After a dinner of roast turkey breast, mashed potatoes, green beans, and rolls, we set out a dessert buffet on this table with fresh fruit and a bunch of Bekah’s favorite bars that I made the week before the wedding—peanut butter bars, brownies, lemon bars, and 7-layer bars. Simple and tasty desserts that were easy enough to make ahead of time and freeze. (Bekah didn’t want a cake.) We also served homemade lemonade (I wonder if my poor mama’s hands have recovered yet from squeezing 4 billion lemons?). And some of the gold dot favor boxes from the bridal shower also made an appearance! They are seriously the cutest.

Colorful country glam wedding reception

Colorful country glam wedding

For centerpieces on the tables, we used log slices (from a log my mom picked up off the side of the road—what I would have given to watch her struggle to lift a 100-pound log into the back of her car all by herself) topped with jars (collected from all of our pantries) that we glittered up, along with bridal photos and a few flowers. Simple and rustic and beautiful.

Simple, country centerpieces for wedding reception.

One of the traditions we have when staying at my parents’ cabin is making s’mores over the fire pit—no trip is complete without them. So of course s’mores had to be a part of the reception, too. I thought this was one of the cutest parts of the reception—my mom brought up this hutch she already owned and set it up as a s’mores buffet bar next to the fire pit. Such a fun idea, and it looked so adorable. The ‘baskets’ are actually trash cans from the dollar store, and she used little hooks to attach them to the hutch, then just filled them up with s’mores ingredients. We reused the chalkboard easels from the bridal shower to label items and give a few instructions.

Country glam wedding reception with an outdoor s'mores bar and fire pit!

A country glam outdoor wedding reception with an outdoor s'mores bar and fire pit! So fun.

A country glam outdoor wedding reception with an outdoor s'mores bar and fire pit! So fun

The kids loved making s’mores, and the fire pit looked so cute dressed up with the paper lanterns from the shower, too.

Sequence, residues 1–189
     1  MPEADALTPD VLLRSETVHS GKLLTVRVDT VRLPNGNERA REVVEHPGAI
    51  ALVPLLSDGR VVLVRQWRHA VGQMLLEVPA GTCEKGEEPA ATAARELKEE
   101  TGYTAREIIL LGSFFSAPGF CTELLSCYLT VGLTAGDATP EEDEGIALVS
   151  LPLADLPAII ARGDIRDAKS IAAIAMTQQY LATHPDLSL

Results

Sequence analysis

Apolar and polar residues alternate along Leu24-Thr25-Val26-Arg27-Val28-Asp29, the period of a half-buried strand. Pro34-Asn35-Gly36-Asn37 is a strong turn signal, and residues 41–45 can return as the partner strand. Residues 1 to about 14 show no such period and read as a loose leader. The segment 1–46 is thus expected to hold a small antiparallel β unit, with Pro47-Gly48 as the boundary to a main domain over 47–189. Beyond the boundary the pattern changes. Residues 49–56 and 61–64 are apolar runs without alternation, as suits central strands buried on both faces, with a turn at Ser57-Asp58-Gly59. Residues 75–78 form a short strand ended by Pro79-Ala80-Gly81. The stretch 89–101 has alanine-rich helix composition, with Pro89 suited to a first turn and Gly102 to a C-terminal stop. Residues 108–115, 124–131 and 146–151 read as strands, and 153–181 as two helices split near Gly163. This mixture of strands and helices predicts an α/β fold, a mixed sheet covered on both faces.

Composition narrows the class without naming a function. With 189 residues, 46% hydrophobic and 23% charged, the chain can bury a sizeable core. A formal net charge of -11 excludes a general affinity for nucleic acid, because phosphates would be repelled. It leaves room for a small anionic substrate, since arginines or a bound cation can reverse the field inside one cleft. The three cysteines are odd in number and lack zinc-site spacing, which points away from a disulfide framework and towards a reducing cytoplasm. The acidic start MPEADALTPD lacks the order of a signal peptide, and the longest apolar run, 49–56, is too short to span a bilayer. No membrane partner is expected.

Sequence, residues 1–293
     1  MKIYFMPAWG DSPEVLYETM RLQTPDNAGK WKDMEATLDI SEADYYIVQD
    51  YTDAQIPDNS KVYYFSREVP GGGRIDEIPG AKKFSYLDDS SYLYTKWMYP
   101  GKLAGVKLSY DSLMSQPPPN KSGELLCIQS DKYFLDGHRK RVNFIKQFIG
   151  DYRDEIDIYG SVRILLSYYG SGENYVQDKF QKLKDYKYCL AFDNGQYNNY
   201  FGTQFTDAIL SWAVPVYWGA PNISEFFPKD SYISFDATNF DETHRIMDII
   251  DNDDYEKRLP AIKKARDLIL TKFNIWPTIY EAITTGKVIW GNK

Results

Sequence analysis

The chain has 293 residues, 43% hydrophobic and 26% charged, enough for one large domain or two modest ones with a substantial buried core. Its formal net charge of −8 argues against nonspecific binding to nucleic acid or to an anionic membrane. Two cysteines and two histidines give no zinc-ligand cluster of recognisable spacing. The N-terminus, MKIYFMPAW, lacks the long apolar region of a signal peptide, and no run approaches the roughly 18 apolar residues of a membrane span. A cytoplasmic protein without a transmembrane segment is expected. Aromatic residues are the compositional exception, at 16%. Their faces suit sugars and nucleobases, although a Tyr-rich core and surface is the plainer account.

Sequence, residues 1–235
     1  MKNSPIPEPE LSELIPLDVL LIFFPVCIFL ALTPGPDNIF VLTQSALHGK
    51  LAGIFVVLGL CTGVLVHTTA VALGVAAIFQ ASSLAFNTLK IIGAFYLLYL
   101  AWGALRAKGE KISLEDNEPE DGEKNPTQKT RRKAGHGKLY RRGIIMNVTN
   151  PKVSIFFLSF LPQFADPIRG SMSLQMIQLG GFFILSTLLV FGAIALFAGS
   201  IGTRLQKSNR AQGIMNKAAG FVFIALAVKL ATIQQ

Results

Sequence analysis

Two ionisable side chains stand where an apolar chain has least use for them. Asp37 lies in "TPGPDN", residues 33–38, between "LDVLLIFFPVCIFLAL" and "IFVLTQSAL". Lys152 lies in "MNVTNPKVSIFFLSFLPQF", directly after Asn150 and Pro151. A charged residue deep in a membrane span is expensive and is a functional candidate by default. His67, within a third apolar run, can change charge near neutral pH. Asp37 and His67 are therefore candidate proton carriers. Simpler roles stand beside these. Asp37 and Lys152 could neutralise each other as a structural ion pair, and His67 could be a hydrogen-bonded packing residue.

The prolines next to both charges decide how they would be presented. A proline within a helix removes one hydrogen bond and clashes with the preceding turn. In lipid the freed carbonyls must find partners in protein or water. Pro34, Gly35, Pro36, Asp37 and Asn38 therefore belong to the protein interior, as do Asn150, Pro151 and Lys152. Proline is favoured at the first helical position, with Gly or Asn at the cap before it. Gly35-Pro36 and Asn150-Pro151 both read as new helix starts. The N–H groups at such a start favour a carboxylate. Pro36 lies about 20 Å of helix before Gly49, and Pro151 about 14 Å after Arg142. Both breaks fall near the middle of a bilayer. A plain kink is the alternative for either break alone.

Colorful country glam bridal shower.

Country glam bridal shower with a fire pit and 'smores bar!

Country glam bridal shower with a fire pit and 'smores bar

^ My mama and nephew, Porter. All fingers and toes are crossed that I look like her when I grow up.

Country glam bridal shower with a fire pit and 'smores bar

^ and my beautiful little niece, Abby. My mom sewed coordinating dresses for all the nieces at the wedding—so much work, but they came out beautifully.

I didn’t get half the pictures I wish I would have taken (a puking child sort of messed with my plans), but did manage just a few with the bride in them. She looked so stunning. So, so beautiful. Forrest still seems convinced that Bekah and Alan are siblings, but was very excited to see “Queen Bekah” in her “fancy queen dress!” I love this picture of the two of them together. I would also like to give my own horn a little toot here by saying that I did her hair for her wedding day. I am miles away from being any sort of experienced/talented at styling hair, but I thought it came out quite nicely anyway.

www.maybematilda.com

Her bouquet weighed about 80 pounds, so she tossed a few individual flowers down. I love the hand reaching up—ha!

www.maybematilda.com

www.maybematilda.com

Are you tired of pictures yet? Just in case you aren’t, I’ll pepper you with a few more. We’re back to the professional shots now:

Rebekah Alan Wed241

Rebekah Alan Wed307

All right, that’s probably enough. Congratulations to my beautiful little Bekah, her dashing husband Alan, and to you for making it through this. Now go have a nice big slice of cake or something and have a good weekend.

Rebekah Alan Wed331

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Wednesday, July 9, 2014

Whole Wheat Banana Bread Waffles

Tell me I'm not the only one who waffles between making a good effort at eating nutritiously and binging on Red Vines and Diet Coke? (see what I did there? waffles? *pats self on back for making cringe-worthy pun*). I'm perpetually working on finding that sweet spot of enjoying foods that taste delicious that I'll have fun making and we'll all love eating, that are still reasonably healthy. Especially challenging is Forrest, who--and this will come as a total surprise to you because I have never ever mentioned this before--is a wee bit difficult and picky (shock! awe!), and puts up an impressive little fight when faced with the prospect of anything that might contain, say, a vitamin or mineral. So giving some of his favorite foods--like pancakes and waffles--a healthy boost is an ongoing project for me.

Today, the humble waffle takes on some delicious new flavors and gets a boost in a healthier direction with the addition of fruit, nuts, and whole wheat flour. Just as delicious as ever--maybe even more so, thanks to moist, flavorful bananas and perfectly crunchy walnuts--but healthier than ever before.

I served my waffles with Silk Almond Protein + Fiber, and I'll tell you, it made for a delicious and healthy meal high in (obviously) protein and fiber, plus plenty of calcium (I'm convinced I'll have osteoporosis by age 30--I'm not sure I ever get enough calcium in a day). Such a yummy and healthy and filling breakfast.

Whole Wheat Banana Bread Waffles
adapted from Mother Thyme

2 overripe bananas, mashed
1 cup 1% milk
2 eggs
2 teaspoons vanilla extract
1/4 cup vegetable oil
2 cups white wheat flour
2 tablespoons brown sugar
1 teaspoon baking powder
1/2 teaspoon baking soda
1/2 teaspoon salt